Crying and Calling Out in Dementia

You may have heard someone who has Alzheimer's disease or another dementia repeatedly call out, "Help me!" or become tearful and cry frequently. Or, perhaps she suddenly has a screaming episode and you don't know how to help her. This can be very distressing to experience, for both the person with dementia and those around her. It can also cause frustration for caregivers when it seems like the person may be crying out for no apparent reason. 

Nurse talking to older man in home
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Triggers for Crying and Calling Out in Dementia

A few possible reasons why your loved one is displaying this behavior include:

  • Physical causes such as pain, restlessness, hunger or a need to use the bathroom
  • External causes, including an environment that is too busy or loud, and a change in routine
  • Psychological causes such as loneliness, boredom, anxiety, depression, and delusions

Crying and calling out in dementia can be triggered by true distress as a result of feelings of loss and being overwhelmed. At other times, crying appears to be less of a sorrowful response and more of habitual behavior.

Crying and calling out is sometimes more common in other types of dementia including vascular dementia, frontotemporal dementia, and Lewy body dementia. These behaviors may also increase later in the day due to sundowning, a condition common in dementia where behaviors and emotions escalate toward the evening.

Sometimes, a person with dementia may have a period of time when she's screaming out loud but can't tell you why. She may be feeling anxious or fearful, or be experiencing hallucinations or paranoia. 

Finally, pseudobulbar affect (also known as PBA) can trigger excessive crying, as well as inappropriate laughter.Those with PBA might begin to cry and not know why they're doing so.

How to Help the Person With Dementia

There are times when it appears there's no reason for the person with dementia to call out or cry, at least none that you can determine. Sometimes, people seem to "get stuck" in behavior without a reason.

However, before you write off crying or calling out as a meaningless behavior and say, "Well, that's just the way he is," consider the following interventions to make sure you're doing everything possible to help:

  • Notice any time that the person is not calling out or crying; observe the environment, time of day, if it's after he just ate dinner or just received care, or if it's when he is in his favorite activity. When possible, recreate the situation that occurred when he was content.
  • Assess him for depression and anxiety. Both calling out and crying can be symptoms of anxiety and depression in dementia.
  • Involve him in meaningful activities.
  • Conduct an assessment to ensure he's not in pain or discomfort.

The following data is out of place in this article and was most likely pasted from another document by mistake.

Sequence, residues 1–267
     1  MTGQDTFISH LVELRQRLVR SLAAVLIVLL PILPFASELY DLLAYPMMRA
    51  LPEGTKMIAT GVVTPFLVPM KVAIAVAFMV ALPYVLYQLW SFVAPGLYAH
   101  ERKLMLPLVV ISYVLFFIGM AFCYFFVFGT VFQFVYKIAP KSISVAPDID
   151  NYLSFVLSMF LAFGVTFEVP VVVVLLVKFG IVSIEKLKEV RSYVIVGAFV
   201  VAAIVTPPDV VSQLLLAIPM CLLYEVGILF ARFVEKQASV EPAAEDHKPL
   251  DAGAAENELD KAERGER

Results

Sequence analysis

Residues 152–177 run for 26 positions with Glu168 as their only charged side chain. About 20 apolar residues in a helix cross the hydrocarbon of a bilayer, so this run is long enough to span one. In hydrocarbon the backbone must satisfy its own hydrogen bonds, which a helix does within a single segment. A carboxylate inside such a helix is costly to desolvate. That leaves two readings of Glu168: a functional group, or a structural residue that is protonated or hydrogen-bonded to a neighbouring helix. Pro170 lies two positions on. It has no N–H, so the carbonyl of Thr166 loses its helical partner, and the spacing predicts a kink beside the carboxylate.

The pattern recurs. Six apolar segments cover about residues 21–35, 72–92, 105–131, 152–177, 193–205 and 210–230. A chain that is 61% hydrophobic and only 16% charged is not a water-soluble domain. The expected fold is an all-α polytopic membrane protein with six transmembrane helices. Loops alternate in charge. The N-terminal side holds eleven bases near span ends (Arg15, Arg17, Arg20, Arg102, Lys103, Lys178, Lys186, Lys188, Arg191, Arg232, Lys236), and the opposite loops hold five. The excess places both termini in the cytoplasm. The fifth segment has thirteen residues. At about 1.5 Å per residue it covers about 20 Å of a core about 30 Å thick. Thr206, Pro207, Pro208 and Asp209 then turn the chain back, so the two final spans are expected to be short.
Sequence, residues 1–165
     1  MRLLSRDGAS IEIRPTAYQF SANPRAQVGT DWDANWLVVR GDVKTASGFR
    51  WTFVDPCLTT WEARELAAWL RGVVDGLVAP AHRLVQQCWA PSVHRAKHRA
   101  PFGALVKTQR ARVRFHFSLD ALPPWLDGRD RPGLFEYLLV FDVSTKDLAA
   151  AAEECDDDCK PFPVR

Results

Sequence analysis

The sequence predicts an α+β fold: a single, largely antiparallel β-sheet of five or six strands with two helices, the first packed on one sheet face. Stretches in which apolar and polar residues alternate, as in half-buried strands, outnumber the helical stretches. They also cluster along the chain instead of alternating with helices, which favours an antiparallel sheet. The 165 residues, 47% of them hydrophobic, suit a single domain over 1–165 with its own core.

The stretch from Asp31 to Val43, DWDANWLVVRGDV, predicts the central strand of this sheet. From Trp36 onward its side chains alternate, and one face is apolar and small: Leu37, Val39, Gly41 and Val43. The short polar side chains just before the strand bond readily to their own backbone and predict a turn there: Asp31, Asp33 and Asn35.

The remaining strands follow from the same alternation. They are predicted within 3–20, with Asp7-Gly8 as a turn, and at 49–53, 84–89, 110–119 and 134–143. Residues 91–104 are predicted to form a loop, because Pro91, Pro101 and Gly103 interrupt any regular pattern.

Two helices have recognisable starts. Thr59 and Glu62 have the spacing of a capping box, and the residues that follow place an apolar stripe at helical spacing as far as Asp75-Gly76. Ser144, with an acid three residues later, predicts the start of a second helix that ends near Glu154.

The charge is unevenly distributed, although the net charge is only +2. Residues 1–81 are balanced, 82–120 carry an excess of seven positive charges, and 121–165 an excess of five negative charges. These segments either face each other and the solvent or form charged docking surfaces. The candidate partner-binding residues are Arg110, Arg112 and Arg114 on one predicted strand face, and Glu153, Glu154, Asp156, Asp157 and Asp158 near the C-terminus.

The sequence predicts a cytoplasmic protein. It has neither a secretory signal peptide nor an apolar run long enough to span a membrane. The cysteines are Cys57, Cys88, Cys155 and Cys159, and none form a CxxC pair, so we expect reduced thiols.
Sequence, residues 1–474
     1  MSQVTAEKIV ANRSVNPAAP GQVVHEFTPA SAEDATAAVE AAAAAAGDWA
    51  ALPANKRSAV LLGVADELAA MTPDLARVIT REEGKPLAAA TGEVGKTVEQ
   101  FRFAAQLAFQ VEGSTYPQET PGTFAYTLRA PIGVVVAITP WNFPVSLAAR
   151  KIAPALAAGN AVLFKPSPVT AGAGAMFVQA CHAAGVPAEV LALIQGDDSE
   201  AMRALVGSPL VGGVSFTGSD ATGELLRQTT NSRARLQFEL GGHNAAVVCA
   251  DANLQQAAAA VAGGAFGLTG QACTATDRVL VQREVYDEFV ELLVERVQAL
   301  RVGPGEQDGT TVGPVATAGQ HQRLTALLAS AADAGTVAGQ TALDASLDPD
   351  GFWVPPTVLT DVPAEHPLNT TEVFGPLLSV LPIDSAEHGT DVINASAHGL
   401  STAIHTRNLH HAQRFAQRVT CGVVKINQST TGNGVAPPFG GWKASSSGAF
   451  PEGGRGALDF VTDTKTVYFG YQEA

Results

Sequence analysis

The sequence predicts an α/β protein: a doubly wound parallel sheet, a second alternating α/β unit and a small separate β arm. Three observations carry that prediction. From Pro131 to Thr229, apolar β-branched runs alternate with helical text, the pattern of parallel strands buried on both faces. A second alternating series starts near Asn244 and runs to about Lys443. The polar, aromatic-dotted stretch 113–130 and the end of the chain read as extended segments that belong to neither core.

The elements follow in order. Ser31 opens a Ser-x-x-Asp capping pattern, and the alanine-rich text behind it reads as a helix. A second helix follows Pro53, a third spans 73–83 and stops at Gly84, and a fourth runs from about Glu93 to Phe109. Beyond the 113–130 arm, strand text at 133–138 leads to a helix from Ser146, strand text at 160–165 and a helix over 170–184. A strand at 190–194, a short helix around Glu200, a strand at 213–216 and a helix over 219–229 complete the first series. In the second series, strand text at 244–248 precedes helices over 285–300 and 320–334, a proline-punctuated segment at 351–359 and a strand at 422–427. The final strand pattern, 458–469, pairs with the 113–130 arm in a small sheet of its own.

• Ask the physician or pharmacist to review his list of medications. Sometimes, a particular medication or combination of medications can cause disorientation and distress.
  • Don't give up. Most of the time, the challenging behaviors that are present in dementia do have meaning, and our job as family members and caregivers is to continue to work to improve the quality of life for people with dementia.

Activities to Try

If you've made sure that the basic needs of the person with dementia have been met and she continues to cry or call out, try some of these activities which may be comforting to her:

  • Favorite Music: Know what her music of choice is and turn it on for her. This can comfort and distract her.
  • Pet Therapy: A warm, fuzzy animal can provide many benefits to those around them.
  • Interaction With Children: Young children have a way of engaging the attention of many, including those living with dementia.
  • Fresh Air: A change of scenery can brighten the day.
  • Snack or drink: Sometimes, a tasty snack or drink can distract and provide comfort.
  • Gentle and Reassuring Touch: Try holding her hand, rubbing her shoulder or brushing her hair. These touches, which are ones that convey love and concern instead of performing a necessary such as helping get her dressed for the day, are important to her quality of life. 

A Word From Verywell

Sometimes, behaviors in dementia are like a challenging puzzle to solve. We don't have the complete answer key to this puzzle, but we do know that often, there are things we can do to help. As caregivers and family members, we should always continue to work to solve the puzzle.

Finally, don't forget that sometimes, our own stress may be impacting the person with dementia by increasing their anxiety or stress. Preventing caregiver overload by taking a break for a few minutes is important for the well-being of both you and your loved one. 

4 Sources
Verywell Health uses only high-quality sources, including peer-reviewed studies, to support the facts within our articles. Read our editorial process to learn more about how we fact-check and keep our content accurate, reliable, and trustworthy.
  1. Kales HC, Gitlin LN, Lyketsos CG. Assessment and management of behavioral and psychological symptoms of dementia. BMJ. 2015;350:h369. doi:10.1136/bmj.h369 

  2. Canevelli M, Valletta M, Trebbastoni A, et al. Sundowning in dementia: clinical relevance, pathophysiological determinants, and therapeutic approaches. Front Med (Lausanne). 2016;3:73. doi:10.3389/fmed.2016.00073

  3. Ahmed A, Simmons Z. Pseudobulbar affect: prevalence and management. Ther Clin Risk Manag. 2013;9:483-9. doi:10.2147/TCRM.S53906

  4. Williams, A, Ackroyd RA. Identifying and managing pain for patients with advanced dementia. GM. 2017 Apr;47(4).

Additional Reading

By Esther Heerema, MSW
Esther Heerema, MSW, shares practical tips gained from working with hundreds of people whose lives are touched by Alzheimer's disease and other kinds of dementia.